Monday, 6 June 2016

Capital III, Chapter 36 - Part 2

I would point out for clarification, what has been stated elsewhere, which is that this should not be taken as meaning that slaves produce surplus value. The slave is no different than a machine or pack animal. They are the equivalent of constant capital. They can only transfer a portion of their own value as wear and tear, to the commodity, just as with fixed capital. But, like a machine or pack animal, they can produce a surplus product. (See: Labour-Power v Horse-power)

If two slave owners are engaged in production, so that one produces potatoes and the other produces carrots, then the value of production for each will be be determined by the labour-time required. But, the labour-time required is not the time expended by the slave, who as Marx points out exists in no objective relation to the means of production. It is only the labour-time required to obtain the time expended by the slave, just as it is not the time expended by a horse in production, but only the time required to obtain the time expended by the horse – i.e. the cost of purchase and maintenance of the horse.

So, if 100 kilos of potatoes and 200 kilos of carrots are produced by 100 hours of labour, required to produce seeds, plus 100 hours for subsistence of slaves, then the value of 100 kilos of potatoes will be equal to 200 hours, and this will be true even if the slave worked for 200 hours rather than 100 hours, because the slave produces no surplus value.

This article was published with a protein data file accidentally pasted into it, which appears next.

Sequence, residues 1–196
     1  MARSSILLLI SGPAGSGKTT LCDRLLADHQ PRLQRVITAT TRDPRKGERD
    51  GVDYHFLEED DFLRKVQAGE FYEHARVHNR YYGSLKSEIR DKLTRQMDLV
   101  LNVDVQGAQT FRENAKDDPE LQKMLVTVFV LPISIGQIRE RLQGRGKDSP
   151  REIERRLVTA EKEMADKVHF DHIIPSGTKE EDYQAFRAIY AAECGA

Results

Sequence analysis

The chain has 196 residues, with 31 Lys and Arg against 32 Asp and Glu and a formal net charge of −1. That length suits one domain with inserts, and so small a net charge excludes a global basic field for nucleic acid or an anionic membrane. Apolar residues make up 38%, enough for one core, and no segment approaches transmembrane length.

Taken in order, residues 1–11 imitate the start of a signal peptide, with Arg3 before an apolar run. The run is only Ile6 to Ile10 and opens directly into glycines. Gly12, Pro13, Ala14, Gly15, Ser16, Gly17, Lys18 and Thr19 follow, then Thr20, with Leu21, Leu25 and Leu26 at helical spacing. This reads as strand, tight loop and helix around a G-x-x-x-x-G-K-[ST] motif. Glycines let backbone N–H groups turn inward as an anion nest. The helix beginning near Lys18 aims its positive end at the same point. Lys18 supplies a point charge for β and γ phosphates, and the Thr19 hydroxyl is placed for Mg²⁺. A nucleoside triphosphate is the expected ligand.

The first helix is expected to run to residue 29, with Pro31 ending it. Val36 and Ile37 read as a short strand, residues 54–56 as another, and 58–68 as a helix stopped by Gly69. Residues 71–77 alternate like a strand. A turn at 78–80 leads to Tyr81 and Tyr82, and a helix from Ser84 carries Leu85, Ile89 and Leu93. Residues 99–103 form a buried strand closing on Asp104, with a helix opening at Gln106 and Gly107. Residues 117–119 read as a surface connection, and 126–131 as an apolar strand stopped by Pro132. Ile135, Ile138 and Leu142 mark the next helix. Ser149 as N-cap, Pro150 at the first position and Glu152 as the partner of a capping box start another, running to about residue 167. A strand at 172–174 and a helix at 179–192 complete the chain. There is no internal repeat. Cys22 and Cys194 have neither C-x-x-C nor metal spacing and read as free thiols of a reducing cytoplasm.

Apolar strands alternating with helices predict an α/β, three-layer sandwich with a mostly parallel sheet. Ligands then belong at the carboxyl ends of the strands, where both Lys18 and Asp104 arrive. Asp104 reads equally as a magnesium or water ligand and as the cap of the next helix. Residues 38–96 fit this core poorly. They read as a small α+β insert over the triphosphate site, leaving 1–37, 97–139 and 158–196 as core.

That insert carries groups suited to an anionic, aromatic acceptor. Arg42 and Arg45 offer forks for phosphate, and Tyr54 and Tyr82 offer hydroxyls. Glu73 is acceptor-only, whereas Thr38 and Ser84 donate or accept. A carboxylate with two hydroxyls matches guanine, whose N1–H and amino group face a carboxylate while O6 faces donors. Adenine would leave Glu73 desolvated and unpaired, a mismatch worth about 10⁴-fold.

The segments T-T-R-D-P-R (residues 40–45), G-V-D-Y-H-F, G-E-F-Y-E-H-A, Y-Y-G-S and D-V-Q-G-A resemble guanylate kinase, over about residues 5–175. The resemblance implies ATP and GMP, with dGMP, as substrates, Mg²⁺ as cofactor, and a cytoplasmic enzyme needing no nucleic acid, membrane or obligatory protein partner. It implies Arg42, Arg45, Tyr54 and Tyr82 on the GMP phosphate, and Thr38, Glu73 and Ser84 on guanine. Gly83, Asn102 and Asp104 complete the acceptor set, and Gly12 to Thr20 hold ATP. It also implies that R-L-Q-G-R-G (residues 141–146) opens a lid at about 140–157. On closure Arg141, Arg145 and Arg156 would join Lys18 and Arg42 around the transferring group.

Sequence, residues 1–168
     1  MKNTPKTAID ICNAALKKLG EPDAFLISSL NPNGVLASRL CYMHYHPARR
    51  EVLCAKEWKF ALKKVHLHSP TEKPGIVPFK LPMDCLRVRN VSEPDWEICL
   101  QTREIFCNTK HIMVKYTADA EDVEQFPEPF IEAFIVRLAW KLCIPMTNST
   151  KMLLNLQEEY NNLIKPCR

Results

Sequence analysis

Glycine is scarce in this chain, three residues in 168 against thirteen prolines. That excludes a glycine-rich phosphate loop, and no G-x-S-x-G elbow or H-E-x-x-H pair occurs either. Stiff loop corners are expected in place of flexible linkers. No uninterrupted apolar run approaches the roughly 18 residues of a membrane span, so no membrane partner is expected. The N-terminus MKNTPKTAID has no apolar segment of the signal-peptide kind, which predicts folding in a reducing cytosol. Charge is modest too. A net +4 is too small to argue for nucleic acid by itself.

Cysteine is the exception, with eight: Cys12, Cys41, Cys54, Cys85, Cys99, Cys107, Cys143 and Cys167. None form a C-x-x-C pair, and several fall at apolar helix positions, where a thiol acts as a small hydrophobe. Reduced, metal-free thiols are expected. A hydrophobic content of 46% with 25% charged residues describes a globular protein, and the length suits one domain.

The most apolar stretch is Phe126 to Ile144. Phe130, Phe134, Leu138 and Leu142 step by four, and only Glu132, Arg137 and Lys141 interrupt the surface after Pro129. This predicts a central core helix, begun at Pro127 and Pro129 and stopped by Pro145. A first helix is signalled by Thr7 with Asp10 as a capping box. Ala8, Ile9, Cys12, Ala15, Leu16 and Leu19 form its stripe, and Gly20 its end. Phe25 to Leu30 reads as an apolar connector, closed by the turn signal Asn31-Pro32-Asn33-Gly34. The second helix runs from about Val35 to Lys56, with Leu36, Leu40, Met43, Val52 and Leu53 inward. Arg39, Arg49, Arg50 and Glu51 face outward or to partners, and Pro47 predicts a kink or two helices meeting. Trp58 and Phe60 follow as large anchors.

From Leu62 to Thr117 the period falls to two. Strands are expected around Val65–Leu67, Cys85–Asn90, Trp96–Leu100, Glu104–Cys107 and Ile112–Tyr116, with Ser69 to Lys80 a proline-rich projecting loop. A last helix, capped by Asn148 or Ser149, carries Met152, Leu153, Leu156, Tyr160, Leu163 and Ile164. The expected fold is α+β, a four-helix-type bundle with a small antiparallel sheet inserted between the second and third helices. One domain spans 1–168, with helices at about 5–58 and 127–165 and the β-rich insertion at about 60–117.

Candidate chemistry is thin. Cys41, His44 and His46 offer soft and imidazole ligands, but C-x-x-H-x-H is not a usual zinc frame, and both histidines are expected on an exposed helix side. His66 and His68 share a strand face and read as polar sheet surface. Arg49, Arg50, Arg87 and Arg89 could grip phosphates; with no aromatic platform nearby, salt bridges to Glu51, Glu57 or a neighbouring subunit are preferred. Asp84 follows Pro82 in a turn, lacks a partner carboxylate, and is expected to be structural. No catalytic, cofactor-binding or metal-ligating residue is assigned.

If the producer of the 100 kilos of potatoes exchanged them with the producer of carrots they would obtain in exchange exactly this same 200 hours of value, but now in the form of carrots. There is no reason the carrot producer would buy potatoes for the equivalent value of 300 hours, just because that is the time the slave had worked, and vice versa. But, if both charged each other the equivalent of 300 hours rather than 200 hours, they would have equally swindled each other, and so any surplus value realised on a sale, they would lose on a purchase.

The only reason that slave producers are able to realise a surplus value is not because their slaves produce it, but because there are other non-slave owning producers of commodities, and it is the labour-time they require for production, which determines the market value of commodities. Peasant producers of potatoes and carrots expend 100 hours for seeds, and 200 hours of their own labour-time, so that the market value of these commodities is then equal to 300 hours. But, the individual value of the production of the slave owners is only 200 hours. When they sell their output, at the market value of 300 hours, they thereby obtain a surplus value equal to 100 hours. It is a share of this surplus value that the usurer obtains in interest on their loans.

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